As a 19-year-old, Neil Sedaka earned $86.50 a week accompanying cha-cha lessons on piano by day and playing ballroom music by night at Esther's Catskills resort. That summer, he fell in love with the owner's 16-year-old daughter, now his wife of nearly 50 years.
So we know where the creators of the 2005 jukebox musical "Breaking Up Is Hard to Do" got their story line inspiration -- if you can call a by-the-numbers plot inspired.
Steve McCoy directs and choreographs this calorie-free confection at Theatre Three with an appropriately light touch. If you're of a certain age (Does Connie Francis ring a bell?), the show may even supply a midwinter's glow over some bygone summer romance.
Marge has been dragged to the Catskills for Labor Day weekend by her friend Lois. This was supposed to be her honeymoon destination. But the groom lost his way to the altar. Dumb-blonde Lois tells Marge, in one of her serial malapropisms, "There are plenty of fish in the trees." Cue the song "Where the Boys Are."
Randall Parsons' nightclub set, brightened by early-'60s costumes co-designed by Bonnie Vidal, frames Doug Quattrock's onstage band at Esther's Paradise resort.
Sedaka hits that can't be linked to the transparent plot -- "Stupid Cupid" suits Lois, played with clueless aplomb by Jennifer Collester-Tully -- are shoehorned into the nightclub act. "Happy Birthday Sweet Sixteen," sung by recording-star-wannabe Del Delmonico (Rob Schindlar), gets a comic lift from an audience volunteer who's beyond counting candles.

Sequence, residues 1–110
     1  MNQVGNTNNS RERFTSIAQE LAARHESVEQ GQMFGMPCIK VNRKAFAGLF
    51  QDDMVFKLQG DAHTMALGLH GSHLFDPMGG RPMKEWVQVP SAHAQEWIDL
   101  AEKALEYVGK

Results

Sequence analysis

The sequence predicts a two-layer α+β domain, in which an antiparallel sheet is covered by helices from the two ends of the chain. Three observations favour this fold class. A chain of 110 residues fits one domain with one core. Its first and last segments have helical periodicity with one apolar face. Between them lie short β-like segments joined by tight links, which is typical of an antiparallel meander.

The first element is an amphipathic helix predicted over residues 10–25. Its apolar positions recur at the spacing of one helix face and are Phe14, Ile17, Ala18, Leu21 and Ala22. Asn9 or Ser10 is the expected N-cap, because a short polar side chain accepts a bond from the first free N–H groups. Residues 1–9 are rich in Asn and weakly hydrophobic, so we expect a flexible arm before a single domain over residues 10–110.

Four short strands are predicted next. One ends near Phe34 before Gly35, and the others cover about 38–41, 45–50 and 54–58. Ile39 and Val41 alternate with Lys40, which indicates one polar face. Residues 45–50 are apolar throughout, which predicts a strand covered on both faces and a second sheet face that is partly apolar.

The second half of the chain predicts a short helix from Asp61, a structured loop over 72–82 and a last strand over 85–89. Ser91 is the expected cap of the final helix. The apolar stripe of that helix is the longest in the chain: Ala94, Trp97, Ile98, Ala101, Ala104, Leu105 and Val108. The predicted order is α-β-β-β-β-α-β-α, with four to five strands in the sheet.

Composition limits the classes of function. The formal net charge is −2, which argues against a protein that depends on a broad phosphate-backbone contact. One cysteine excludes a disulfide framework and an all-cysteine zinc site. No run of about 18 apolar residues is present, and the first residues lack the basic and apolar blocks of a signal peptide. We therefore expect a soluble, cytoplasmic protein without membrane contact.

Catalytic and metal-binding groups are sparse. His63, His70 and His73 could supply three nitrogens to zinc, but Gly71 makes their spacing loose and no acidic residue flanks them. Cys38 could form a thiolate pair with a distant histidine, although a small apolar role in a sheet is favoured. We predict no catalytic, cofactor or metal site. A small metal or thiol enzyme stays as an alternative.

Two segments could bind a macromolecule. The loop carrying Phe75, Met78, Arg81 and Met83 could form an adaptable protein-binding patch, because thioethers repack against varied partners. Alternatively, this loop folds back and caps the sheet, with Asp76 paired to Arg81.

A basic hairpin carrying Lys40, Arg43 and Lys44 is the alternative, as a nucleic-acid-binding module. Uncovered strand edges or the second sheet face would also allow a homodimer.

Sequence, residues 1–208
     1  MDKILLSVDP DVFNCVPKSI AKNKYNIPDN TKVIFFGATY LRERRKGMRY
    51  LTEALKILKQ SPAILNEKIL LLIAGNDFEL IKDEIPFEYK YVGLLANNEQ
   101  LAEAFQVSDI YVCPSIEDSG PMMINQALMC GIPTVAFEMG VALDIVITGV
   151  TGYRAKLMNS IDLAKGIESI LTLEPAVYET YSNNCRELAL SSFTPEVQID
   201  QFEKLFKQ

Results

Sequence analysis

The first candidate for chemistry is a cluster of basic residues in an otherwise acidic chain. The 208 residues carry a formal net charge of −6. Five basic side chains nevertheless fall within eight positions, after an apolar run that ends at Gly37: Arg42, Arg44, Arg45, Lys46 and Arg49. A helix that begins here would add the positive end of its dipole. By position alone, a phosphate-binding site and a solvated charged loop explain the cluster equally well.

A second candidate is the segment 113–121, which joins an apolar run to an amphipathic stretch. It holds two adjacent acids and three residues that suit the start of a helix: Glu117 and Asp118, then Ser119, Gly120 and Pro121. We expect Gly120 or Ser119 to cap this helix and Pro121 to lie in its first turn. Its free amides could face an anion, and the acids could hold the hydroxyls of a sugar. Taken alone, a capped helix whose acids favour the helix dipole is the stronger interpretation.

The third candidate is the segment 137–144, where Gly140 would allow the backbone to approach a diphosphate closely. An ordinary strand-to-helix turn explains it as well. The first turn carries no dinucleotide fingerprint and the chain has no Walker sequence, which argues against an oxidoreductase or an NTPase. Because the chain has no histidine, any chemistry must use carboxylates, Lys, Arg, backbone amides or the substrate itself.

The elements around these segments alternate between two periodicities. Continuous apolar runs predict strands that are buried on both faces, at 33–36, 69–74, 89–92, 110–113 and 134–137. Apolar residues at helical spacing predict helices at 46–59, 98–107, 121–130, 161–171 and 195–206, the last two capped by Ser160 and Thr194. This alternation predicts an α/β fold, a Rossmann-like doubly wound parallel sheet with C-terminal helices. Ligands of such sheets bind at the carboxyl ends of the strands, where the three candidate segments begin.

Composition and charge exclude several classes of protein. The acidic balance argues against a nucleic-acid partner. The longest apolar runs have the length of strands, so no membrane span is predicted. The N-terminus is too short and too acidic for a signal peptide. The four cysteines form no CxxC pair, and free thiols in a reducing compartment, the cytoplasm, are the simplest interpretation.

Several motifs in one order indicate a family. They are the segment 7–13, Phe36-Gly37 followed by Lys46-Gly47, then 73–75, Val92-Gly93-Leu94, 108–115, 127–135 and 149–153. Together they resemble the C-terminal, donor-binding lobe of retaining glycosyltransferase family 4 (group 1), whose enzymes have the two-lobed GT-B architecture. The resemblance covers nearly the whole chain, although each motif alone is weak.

To lift her friend's spirits, Lois tells Del that Marge's dad is in the music business. Implausibly, that's enough to send Del into charm overdrive. Rebound Marge is soon imagining herself as his every-month "Calendar Girl." Meanwhile, Gabe, the resort geek, swoons in silence, dreaming of their "Laughter in the Rain" romp together.
In her self-pitying "Solitaire," Marge -- as sung by Laura Bell -- almost brings drama to "Breaking Up" with her searing rendition. The resort's namesake, played by Phyllis March, and her longtime secret admirer, a comedian wistfully portrayed by Stephen Doone, also interrupt the levity with a touching "King of Clowns" duet.
Although Schindlar does the show a favor with his underwhelming Del -- he's not supposed to be good enough for "American Bandstand" -- Brett Chizever's Gabe should knock the bobby socks off any "Bandstand" babe. But instead of superstar sparks, there's a shy-boy sweetness to his "Love Will Keep Us Together" audition. We suspect Dick Clark would pass.
WHAT "Breaking Up Is Hard to Do," music by Neil Sedaka, lyrics by Sedaka, Howard Greenfield and Philip Cody, book by Erik Jackson and Ben Winters
WHEN | WHERE 8 p.m. Friday and Saturday, 3 p.m. Sunday, through March 17 at Theatre Three, 412 Main St., Port Jefferson
INFO $14-$28; theatre three.com, 631-928-9100